Rescuing the activity of neurons in the subthalamic nucleus — part of a brain region that controls movement — lessens motor dysfunction in a mouse model of Parkinson’s disease (PD), according to a recent study.
The “study argues that the loss of this intrinsic activity promotes abnormal synchronization and motor dysfunction in Parkinson’s disease,” Mark Bevan, PhD, the study’s senior study author, said in a press release. Bevan is a professor of physiology at Feinberg School of Medicine, Northwestern University.
The study, “Maladaptive Downregulation of Autonomous Subthalamic Nucleus Activity following the Loss of Midbrain Dopamine Neurons” was published in the journal Cell Reports.
The glutamatergic subthalamic nucleus (STN) is part of the basal ganglia, a brain region that controls movement and impulse control, and one of the key sites affected in Parkinson’s disease. Composed mainly by glutamate-producing neurons, in Parkinson’s models the firing of these neurons is decreased.
Of note, glutamate is a key excitatory neurotransmitter — chemicals that nerve cells use to send signals to other cells. Excitatory signaling from one nerve cell to the next makes the latter cell more likely to fire an electrical signal. Inhibitory signaling makes the latter cell less likely to fire.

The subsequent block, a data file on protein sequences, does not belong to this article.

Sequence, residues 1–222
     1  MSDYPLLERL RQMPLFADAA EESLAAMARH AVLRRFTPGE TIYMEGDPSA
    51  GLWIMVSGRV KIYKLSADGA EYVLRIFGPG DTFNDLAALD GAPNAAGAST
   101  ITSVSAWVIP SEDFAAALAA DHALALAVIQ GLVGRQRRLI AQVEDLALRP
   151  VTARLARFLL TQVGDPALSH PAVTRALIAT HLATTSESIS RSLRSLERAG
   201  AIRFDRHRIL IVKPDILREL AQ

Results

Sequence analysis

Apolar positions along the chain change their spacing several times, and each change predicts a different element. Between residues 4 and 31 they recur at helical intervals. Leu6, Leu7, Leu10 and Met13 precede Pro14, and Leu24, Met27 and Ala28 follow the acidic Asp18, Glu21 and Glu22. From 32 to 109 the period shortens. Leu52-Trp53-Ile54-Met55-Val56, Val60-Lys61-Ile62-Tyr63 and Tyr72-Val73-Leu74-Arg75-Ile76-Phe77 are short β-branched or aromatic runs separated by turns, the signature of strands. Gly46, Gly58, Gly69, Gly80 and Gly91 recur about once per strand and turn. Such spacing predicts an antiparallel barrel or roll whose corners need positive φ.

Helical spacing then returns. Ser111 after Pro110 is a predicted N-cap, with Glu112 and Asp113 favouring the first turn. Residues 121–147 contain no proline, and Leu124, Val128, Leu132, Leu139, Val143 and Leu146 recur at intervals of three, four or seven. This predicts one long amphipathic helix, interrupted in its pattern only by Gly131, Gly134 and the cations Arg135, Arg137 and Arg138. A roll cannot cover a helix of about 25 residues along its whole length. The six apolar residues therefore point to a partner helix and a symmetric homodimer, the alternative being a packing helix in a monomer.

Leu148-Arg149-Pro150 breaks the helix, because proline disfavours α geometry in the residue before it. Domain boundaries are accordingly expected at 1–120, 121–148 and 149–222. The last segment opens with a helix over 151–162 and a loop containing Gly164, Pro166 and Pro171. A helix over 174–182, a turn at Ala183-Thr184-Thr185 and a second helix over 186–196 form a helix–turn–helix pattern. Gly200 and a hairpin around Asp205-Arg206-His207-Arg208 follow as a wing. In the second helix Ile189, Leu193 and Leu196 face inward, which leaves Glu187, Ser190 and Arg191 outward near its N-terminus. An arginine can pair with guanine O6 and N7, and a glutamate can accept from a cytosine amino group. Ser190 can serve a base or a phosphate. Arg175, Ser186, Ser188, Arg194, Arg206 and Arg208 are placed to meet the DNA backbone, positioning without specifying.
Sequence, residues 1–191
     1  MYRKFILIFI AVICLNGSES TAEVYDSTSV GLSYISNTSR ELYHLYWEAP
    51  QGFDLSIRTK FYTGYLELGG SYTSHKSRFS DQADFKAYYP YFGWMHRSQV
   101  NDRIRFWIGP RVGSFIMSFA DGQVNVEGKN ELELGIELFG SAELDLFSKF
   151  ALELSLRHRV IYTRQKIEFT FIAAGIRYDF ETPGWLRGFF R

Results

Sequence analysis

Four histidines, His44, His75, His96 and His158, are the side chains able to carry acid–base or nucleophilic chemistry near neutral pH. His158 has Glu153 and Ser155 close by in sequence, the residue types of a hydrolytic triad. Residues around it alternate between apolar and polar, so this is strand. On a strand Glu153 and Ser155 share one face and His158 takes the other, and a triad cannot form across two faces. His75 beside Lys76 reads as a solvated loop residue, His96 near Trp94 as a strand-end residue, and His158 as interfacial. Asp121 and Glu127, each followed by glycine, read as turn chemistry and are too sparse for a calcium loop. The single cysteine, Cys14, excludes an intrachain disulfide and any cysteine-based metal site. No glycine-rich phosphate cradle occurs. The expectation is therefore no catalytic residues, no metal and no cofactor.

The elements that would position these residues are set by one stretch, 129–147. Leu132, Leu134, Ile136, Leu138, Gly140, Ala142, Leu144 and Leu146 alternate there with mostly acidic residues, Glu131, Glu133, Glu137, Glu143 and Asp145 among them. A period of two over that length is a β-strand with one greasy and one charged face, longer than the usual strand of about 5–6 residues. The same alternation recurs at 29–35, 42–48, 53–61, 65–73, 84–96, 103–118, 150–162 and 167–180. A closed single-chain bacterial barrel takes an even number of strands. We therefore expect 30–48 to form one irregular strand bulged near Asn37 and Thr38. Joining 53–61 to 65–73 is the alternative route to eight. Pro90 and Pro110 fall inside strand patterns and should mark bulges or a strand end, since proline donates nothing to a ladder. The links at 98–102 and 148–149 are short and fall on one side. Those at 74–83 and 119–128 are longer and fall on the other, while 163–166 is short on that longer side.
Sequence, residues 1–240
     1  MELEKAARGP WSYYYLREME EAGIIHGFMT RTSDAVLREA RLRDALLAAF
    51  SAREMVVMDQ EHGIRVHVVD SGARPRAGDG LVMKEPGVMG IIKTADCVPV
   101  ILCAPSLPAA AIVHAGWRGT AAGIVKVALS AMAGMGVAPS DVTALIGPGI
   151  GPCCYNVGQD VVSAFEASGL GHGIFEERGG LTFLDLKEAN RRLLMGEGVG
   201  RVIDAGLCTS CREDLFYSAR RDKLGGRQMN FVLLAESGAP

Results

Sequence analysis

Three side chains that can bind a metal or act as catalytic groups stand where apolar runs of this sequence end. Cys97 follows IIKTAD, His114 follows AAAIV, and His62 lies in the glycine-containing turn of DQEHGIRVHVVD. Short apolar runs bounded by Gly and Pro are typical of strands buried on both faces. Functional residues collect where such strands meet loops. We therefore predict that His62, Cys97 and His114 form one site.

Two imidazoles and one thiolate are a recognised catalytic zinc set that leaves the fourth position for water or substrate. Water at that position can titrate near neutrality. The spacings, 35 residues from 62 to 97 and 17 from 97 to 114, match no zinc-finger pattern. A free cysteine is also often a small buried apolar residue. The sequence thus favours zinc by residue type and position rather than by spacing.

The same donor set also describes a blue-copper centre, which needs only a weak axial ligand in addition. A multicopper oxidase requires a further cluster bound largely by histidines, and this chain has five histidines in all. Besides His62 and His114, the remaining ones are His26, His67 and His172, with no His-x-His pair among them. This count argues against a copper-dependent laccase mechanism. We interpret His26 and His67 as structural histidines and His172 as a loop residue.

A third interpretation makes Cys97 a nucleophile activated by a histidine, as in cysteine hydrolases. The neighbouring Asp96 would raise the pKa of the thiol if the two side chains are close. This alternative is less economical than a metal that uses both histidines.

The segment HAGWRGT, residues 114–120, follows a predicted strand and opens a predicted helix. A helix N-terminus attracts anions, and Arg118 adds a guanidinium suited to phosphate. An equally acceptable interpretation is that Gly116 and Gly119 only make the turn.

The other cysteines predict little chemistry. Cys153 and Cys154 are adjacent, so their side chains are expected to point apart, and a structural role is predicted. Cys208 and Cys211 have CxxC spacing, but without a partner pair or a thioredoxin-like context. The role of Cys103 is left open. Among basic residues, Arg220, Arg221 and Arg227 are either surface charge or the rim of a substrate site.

Loss of dopamine-producing neurons, a hallmark of Parkinson’s disease, causes neurons within the STN to develop abnormal, synchronized activity, which results in impaired motor function.
Researchers at Northwestern University used a mouse model of Parkinson’s disease to investigate the mechanisms that lead to the abnormal activity of neurons within the STN.
“We first determined the mechanisms that cause STN neurons to adapt to the loss of dopamine by slowing their autonomous pacemaking activity,” said Eileen McIver, PhD, the study’s first author.
They found that loss of dopaminergic neurons resulted in lower activity “in the motor territory of the STN.” They then found that the cause for this abnormal activity was an increased activity of neurons in the basal ganglia carrying the D2 receptor. (The D2 receptor has the capacity to regulate the levels of dopamine by inhibiting the release of this neurotransmitter.)
This trigger increased the activity of an ‘indirect’ pathway” of the basal ganglia leading to additional chemical changes — activation of NMDA glutamate receptor and ATP-sensitive potassium channels — that ultimately reduced the firing of STN neurons.
Rescuing the activity of STN neurons using designer receptors exclusively activated by designer drugs (DREADDs) rapidly improved motor function in Parkinson’s mice. DREADDs are a class of engineered proteins that allow the targeted delivery of a receptor protein to specific cells.
“Within ten minutes of injecting the designer drug to activate DREADDs in the STN, we saw a symptomatic improvement,” McIver explained. Overall, these findings “provide proof-of-concept for the use of tools like DREADDs as a therapeutic approach in Parkinson’s disease,” he said.
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